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A richly illustrated celebration of the paintings of President Barack Obama and First Lady Michelle Obama From the moment of their unveiling at the National Portrait Gallery in early 2018, the portraits of Barack and Michelle Obama have become two of the most beloved artworks of our time. Kehinde Wiley's portrait of President Obama and Amy Sherald's portrait of the former first lady have inspired unprecedented responses from the public, and attendance at the museum has more than doubled as visitors travel from near and far to view these larger-than-life paintings. After witnessing a woman drop to her knees in prayer before the portrait of Barack Obama, one guard said, "No other painting gets the same kind of reactions. Ever." The Obama Portraits is the first book about the making, meaning, and significance of these remarkable artworks. Richly illustrated with images of the portraits, exclusive pictures of the Obamas with the artists during their sittings, and photos of the historic unveiling ceremony by former White House photographer Pete Souza, this book offers insight into what these paintings can tell us about the history of portraiture and American culture. The volume also features a transcript of the unveiling ceremony, which includes moving remarks by the Obamas and the artists. A reversible dust jacket allows readers to choose which portrait to display on the front cover. An inspiring history of the creation and impact of the Obama portraits, this fascinating book speaks to the power of art-especially portraiture-to bring people together and promote cultural change. Published in association with the National Portrait Gallery, Washington, DC
Hierdie publikasie gee ’n volledige beeld van die kunstenaar Frans David Oerder (1867–1944) se oeuvre – sy Anglo-Boereoorlogtekeninge, landskappe, genrestukke, portrette, blomstudies en stillewes, interieurs, dierestudies en grafiese werk. Geen moeite is ontsien om hierdie boek so volledig en betroubaar moontlik te maak nie. Argivale bronne in die Kunsargief van die Universiteit van Pretoria, die Argief van die Johannesburg Kunsmuseum en die Nasionale Argief van Suid-Afrika in Pretoria het grootliks bygedra tot die toevoeging van inligting oor hierdie kunstenaar wat nie voorheen bekend was nie. Dieplakboek van Gerda Oerder en ’n lang lesing met detailinligting oor Oerder se vroee lewe deur mev. Lorimer in die Kunsargief van die Universiteit van Pretoria het bygedra tot ’n nuwe vertolking van die lewe en werk van hierdie belangrike Suid-Afrikaanse kunstenaar. Tydens die Anglo-Boereoorlog was Oerder die enigste amptelike kunstenaar aan Boerekant, maar tot dusver is nog geen volledige geskiedenis van sy deelname aan die oorlog geskryf nie. In hierdie boek word Oerder se Anglo-Boereoorlogtekeninge nou vir die eerste keer so volledig moontlik afgedruk en beskryf.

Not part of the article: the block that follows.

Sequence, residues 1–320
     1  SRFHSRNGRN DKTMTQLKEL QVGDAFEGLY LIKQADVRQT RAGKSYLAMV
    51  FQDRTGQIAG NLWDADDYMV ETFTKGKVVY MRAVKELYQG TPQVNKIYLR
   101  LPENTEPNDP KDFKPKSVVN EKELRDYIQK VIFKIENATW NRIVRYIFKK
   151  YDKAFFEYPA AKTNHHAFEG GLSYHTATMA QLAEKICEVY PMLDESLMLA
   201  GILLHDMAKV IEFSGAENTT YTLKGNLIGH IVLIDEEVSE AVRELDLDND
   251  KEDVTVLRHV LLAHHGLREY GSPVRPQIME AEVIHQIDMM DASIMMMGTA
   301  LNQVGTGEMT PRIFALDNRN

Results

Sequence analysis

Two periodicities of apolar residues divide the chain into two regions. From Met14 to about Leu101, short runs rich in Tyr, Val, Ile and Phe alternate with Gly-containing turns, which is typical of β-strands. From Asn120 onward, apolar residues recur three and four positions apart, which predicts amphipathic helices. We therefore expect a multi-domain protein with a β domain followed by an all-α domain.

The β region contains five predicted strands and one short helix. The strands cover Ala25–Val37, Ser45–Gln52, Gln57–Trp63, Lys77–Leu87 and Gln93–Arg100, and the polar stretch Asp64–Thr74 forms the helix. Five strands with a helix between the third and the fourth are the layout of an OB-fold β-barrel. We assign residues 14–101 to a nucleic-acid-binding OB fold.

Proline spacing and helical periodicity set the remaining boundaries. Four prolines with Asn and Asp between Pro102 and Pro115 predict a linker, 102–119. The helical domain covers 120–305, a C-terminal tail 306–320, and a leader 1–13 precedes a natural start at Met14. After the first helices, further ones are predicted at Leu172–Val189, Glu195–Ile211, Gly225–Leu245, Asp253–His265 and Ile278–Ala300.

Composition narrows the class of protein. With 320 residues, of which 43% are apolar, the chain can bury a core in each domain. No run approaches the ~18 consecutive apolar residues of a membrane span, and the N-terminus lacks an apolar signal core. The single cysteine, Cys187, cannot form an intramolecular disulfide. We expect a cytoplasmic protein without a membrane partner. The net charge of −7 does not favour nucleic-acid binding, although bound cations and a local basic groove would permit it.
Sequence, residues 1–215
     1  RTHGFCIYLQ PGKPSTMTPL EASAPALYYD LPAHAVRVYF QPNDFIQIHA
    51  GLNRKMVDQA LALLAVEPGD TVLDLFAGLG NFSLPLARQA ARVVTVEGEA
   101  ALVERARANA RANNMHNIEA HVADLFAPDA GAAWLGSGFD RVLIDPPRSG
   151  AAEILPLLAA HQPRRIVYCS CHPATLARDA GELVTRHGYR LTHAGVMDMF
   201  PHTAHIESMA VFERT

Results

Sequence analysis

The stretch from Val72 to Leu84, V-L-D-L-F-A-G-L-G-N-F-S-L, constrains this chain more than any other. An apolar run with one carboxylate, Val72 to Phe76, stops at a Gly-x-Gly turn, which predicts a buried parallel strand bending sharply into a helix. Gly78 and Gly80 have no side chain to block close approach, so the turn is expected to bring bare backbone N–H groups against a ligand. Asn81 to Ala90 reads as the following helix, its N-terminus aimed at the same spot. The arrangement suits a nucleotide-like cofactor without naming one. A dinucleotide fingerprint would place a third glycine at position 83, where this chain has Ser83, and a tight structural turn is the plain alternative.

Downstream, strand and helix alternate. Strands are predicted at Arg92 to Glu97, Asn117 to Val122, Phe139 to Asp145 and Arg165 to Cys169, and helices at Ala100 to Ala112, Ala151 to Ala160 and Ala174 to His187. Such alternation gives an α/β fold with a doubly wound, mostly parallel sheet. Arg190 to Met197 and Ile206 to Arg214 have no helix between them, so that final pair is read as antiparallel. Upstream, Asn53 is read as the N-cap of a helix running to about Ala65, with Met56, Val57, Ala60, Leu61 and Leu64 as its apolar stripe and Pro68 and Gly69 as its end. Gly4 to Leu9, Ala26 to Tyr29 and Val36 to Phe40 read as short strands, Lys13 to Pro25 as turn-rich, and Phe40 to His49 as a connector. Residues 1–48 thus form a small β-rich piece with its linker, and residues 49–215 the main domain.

What is a true 1950s look, as opposed to a 1930s or 1940s look? This book aims to address that question by thoroughly surveying the development of graphic design over the course of the 20th century. Timelines for each decade highlight key moments, styles and movements, while profiles of thirty influential graphic designers - three per decade - are interspersed throughout the book.
While the battles for modern art and society were being fought in France and Spain, it has seemed a betrayal that John Betjeman and John Piper were in love with a provincial world of old churches and tea-shops. In this multi-awardwinning book - now available in paperback - Alexandra Harris tells a different story. In the 1930s and 1940s, artists and writers explored what it meant to be alive in England. Eclectically, passionately, wittily, they showed that `the modern' need not be at war with the past. Constructivists and conservatives could work together, and even the Bauhaus emigre, Laszlo Moholy-Nagy, was beguiled into taking photographs for Betjeman's nostalgic Oxford University Chest. This modern English renaissance was shared by writers, painters, gardeners, architects, critics, tourists and composers. John Piper, Virginia Woolf, Florence White, Christopher Tunnard, Evelyn Waugh, E. M. Forster and the Sitwells are part of the story, along with Bill Brandt, Graham Sutherland, Eric Ravilious and Cecil Beaton.